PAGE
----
German Chancellor Angela Merkel meets with Israeli Prime Minister Benjamin Netanyahu in Berlin on Wednesday. Amos Ben Gershom/Israeli Government Press office/EPA/LandovV hide caption

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Polish Deputy Culture Minister and Head of Conservation Piotr Zuchowski speaks at a news conference Friday in Warsaw, Poland, on the so-called Nazi gold train. Radek Pietruszka/EPA/Landov hide caption

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French far-right National Front founder Jean-Marie Le Pen arrives for a news briefing at party headquarters in Nanterre, near Paris, on Thursday. The executive committee decided to expel Le Pen from the party over remarks downplaying the Holocaust. Christian Hartmann/Reuters/Landov hide caption

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The new Russian Armata T-14 tank shown during the Victory Day military parade in the Red Square in Moscow, on Saturday. Yuri Kochetkov/EPA/Landov hide caption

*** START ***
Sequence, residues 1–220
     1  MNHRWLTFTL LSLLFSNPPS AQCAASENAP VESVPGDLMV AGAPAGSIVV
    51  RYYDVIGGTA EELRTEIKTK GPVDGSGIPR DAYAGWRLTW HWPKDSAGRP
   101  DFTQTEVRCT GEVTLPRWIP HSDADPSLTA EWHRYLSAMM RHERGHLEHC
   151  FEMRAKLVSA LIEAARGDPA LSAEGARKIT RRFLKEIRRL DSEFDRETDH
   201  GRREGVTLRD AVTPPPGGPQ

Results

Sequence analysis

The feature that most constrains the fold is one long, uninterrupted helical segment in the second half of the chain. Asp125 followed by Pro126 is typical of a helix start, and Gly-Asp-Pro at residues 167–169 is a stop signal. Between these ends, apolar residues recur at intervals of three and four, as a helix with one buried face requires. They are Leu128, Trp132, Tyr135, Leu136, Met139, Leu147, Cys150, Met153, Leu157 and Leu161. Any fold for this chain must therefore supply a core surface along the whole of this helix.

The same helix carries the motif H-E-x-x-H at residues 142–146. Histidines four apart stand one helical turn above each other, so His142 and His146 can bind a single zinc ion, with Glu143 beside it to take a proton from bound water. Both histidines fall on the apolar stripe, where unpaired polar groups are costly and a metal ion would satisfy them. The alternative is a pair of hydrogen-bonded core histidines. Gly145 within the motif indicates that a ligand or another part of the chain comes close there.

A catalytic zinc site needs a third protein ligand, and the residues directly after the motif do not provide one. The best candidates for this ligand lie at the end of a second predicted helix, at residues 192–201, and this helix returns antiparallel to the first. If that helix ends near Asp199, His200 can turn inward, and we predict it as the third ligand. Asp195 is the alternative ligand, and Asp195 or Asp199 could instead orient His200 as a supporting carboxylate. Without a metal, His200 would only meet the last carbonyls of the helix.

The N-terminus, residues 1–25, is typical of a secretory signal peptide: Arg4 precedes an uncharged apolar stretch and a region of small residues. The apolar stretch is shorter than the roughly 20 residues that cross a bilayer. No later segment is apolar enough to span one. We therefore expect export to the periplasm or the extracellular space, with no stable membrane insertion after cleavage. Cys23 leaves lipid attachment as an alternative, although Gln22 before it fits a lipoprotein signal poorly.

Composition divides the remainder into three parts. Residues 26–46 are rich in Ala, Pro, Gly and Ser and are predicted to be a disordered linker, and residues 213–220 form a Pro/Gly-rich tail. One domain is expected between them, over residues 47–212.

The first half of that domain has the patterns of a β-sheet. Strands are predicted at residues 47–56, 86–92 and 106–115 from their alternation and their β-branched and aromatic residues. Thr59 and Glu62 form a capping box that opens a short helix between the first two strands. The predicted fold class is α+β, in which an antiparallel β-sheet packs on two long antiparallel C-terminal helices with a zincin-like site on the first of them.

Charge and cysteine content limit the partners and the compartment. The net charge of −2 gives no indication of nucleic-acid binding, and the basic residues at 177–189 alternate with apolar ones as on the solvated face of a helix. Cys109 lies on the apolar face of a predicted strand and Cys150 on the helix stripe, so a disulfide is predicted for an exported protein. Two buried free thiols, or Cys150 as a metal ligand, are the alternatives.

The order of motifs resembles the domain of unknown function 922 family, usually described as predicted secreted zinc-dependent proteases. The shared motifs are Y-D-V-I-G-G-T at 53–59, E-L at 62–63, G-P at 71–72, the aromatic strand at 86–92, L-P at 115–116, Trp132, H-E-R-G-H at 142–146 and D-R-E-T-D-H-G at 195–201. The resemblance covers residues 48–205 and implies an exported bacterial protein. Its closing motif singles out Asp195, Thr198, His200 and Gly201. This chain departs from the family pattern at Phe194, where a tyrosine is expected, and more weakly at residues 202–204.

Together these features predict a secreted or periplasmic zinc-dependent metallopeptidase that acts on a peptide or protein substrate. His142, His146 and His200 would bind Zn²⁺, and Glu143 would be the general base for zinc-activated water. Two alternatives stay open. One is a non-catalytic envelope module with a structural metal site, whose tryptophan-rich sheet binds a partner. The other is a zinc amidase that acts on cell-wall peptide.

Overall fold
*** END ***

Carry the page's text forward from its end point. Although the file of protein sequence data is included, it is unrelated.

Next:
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The Two-Way

Russia Celebrates WWII Victory Over Germany

Casualties for Soviet Russia far exceeded other allies arrayed against the Nazis. An estimated 24 million soldiers and civilians were killed.

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Cartoonist Art Spiegelman attends the French Institute Alliance Francaise's "After Charlie: What's Next for Art, Satire and Censorship" at Florence Gould Hall on Feb. 19 in New York City. Mark Sagliocco/Getty Images hide caption

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Former SS guard Oskar Groening, now 93, enters a car after the first day of his trial in Lueneburg, Germany, on Tuesday. He faces 300,000 counts of accessory to murder, in a case that tests the argument that anyone who served at a Nazi death camp was complicit in what happened there. Markus Schreiber/AP hide caption

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The Nazi concentration camp Auschwitz I in Poland, circa 1945. Writing over the gate reads "Arbeit macht frei" (Work Sets You Free). Johann Breyer has admitted to working as a guard at the camp but says he only supervised work parties outside the gates. Uncredited/AP hide caption

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The names of Jeffrey Katz's family members are depicted on "stumbling stones" in Lembeck, Germany. His relatives owned a home on the property near the stones, before they were evicted in 1942. Jeffrey Katz/NPR hide caption

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